Isserley is an extremely surgically-altered alien female who drives around Northern Scotland in search of fresh meat; alien as in outer space—not from Central America or Syria. Not that she or her peers can eat such meat; earthling/vodsel is a delicacy on her planet. It's far too expensive for her class to purchase. They were allotted the “poorer-quality mince, the necks, offal and extremities.” Lovely. Yeah, Isserley is from an unnamed planet choking on its own runaway pollution. The wealthy, "elite," live their entire lives inside and let the lower classes provide their sustenance and riches. Therefore, obviously, Isserley's is a low-level job, but still considered above the drudgery of working in the "New Estates," located in a hideously overpopulated and claustrophobic underground. It’s a more technologically advanced type of Morlock society, if you will. In the mind’s eye they think of themselves as the civilized society, and humans as the “savages.” However, these aliens actually seem to be physically closer to what vodsels call canine. Michel Faber does a great job of translating their native thoughts and communications into English without being the slightest bit intrusive.
Interestingly, there’s a category of space traveling elites from her planet that would be labeled here on earth as “tree-hugging environmentalist whackos.” Isserley hates them. In fact, when one of these alien environmentalists comes to planet earth, “Amlis Vess,” he releases three of the captive vodsels which were being prepared for slaughter. After which, there’s a nightmarish, keystone cops slapstick scene wherein Isserley and a meatpacking laborer have to hunt down the fugitive vodsels before they’re found out! It’s cold, and the naked, grotesquely-fattened-by-space-steroids vodsels are shivering and turning blue; their bodies bloated like Michelin men. Their teeth have been pulled and they're castrated for good measure. They can’t talk and only “moo.” S*** drizzles down their overfed, stammering legs. After this Benny Hill saxophone corralling situation ends, the two exhausted chasers look at each other and start to laugh. Unbelievably hellish hijinks, eh?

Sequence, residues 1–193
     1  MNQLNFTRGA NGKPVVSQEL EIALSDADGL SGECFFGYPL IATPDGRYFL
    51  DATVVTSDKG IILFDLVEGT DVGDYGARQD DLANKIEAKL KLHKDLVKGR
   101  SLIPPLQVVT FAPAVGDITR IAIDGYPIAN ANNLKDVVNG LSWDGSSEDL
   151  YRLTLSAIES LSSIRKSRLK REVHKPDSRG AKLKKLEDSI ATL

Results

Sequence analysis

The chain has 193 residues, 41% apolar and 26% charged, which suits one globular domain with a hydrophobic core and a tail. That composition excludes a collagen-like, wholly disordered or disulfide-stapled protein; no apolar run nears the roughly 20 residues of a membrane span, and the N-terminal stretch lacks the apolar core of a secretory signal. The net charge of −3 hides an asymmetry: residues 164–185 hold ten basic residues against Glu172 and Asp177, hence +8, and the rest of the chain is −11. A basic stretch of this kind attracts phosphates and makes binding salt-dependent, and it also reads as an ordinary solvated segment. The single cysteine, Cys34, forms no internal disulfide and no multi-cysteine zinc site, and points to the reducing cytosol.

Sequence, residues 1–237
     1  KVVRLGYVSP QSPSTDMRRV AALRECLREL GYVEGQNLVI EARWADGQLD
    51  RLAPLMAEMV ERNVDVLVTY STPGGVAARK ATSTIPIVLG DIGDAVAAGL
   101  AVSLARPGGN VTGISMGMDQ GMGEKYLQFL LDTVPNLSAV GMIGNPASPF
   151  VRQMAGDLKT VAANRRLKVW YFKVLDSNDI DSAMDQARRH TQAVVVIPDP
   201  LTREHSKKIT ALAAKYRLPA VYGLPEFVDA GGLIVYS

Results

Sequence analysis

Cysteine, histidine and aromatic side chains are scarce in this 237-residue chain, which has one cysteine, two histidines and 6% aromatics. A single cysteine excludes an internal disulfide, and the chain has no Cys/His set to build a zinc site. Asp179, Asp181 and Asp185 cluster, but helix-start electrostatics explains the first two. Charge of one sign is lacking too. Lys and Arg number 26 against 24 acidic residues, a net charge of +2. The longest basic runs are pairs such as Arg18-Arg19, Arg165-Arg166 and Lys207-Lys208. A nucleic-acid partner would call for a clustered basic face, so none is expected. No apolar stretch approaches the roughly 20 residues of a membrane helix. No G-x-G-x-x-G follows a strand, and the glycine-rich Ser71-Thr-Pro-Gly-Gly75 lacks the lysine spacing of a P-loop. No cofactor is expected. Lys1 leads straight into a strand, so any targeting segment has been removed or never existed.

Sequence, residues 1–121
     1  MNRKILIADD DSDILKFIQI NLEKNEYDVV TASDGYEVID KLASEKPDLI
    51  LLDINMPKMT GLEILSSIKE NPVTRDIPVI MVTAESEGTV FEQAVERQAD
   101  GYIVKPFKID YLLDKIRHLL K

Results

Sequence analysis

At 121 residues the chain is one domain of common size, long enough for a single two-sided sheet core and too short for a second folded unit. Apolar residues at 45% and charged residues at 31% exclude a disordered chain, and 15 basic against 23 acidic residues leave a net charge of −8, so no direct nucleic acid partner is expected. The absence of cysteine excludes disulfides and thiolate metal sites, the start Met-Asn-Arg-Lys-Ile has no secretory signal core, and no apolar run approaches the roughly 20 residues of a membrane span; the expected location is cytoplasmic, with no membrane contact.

Isserley knows earthlings far better than the elites do. The elites have only heard rumors that vodsels can communicate with any sophistication. When Isserley tours the vodsel stockyards with Vess, one swollen, mewing vodsel writes out the word “mercy” in the dirt floor of their corral. Vess is curious if it means anything. Isserley says “of course not.” She knows that vodesels can write, however. She's watched enough TV to know that. Nonetheless, she misinterprets the word as “murky.” She does not provide information about vodsels to the nobles because she despises “humans” like Amlis Vess. Isserley is not a happy space camper. Her cynicism runs deep. She thinks vodsels are shallow, empty animals. They lacked “siuwil, mesnishtil, slan, hunshur, hississins, chail and chailsinn. They couldn't siuwil, they couldn't mesnishtil, they had no concept of slan. In their brutishness, they’d never evolved to use hunshur; their communities were so rudimentary that hississins did not exist; nor did these creatures seem to see any need for chail, or even chailsinn.” These terms obviously relate to the intellectual and philosophical depth of her civilization. At the very end of the novel, you get a glimpse of the Buddha-like nature of these elements in her culture.